It’s not just you. Writing is hard. I’ve been doing it for more than 20 years, and just yesterday I sat down to write a blog post for one of my clients and thought that exact thing. I proceeded to stare, eyes glazing over, at my blank screen.
And while stepping away from your desk for the 15th time may help, if you’re on a deadline, you eventually have to get words on the page.
So whether it’s a press release, blog post, website copy or a larger article, here’s how I fight writer’s block:
Don’t worry about grammar, style or whether it sounds good.
It may sound silly, but ignoring these removes a lot of obstacles to just getting started.
Start by writing the main point you’re trying to get across.
Again, see #1. This is just about centering on what you want people to get from your piece. Don’t think it. Write it.
Don’t start at the beginning.
Seems counter-intuitive, but it works every time for me. Save the lead until the end, or until you are inspired. Write the rest of the piece first, starting with the section you feel most confident with.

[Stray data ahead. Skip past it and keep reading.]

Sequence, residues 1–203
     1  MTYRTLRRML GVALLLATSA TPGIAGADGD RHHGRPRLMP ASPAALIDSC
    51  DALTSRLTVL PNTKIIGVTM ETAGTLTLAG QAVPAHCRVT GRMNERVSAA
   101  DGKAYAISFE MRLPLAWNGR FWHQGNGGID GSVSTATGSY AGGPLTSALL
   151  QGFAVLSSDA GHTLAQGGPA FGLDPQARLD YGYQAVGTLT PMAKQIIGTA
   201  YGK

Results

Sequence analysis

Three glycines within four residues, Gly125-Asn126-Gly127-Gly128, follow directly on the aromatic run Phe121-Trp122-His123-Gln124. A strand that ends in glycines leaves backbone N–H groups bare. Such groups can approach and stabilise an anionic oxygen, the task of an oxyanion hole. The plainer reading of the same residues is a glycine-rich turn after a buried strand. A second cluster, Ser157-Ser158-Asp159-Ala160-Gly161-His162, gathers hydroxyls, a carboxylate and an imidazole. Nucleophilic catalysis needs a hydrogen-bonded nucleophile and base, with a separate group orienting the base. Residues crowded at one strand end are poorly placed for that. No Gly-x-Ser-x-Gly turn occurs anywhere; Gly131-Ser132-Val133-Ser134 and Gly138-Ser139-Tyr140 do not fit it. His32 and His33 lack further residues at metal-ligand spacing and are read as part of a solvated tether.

Talk it over with a friend.
Sometimes just explaining what you want to write will help you frame the piece. I frequently tell our clients that they are welcome to give us a call and talk through anything they are writing. I’ll send outlines based on those conversations to kick-start the process. We’ll also ghost-write, because sometimes it is easier to tell your story (no matter the length) than it is to write it.
Sometimes you just have to step away. If the piece is not due in an hour, work on something else, leave your office for a walk or save it until the next morning. Frequently I’ll write at night when I’m less likely to be interrupted by an email or a call.
Don’t forget to have someone edit your work. Whether it’s a professional editor or just a friend, make sure it’s someone that will give you objective, honest feedback.
What works for you to get over writer’s block?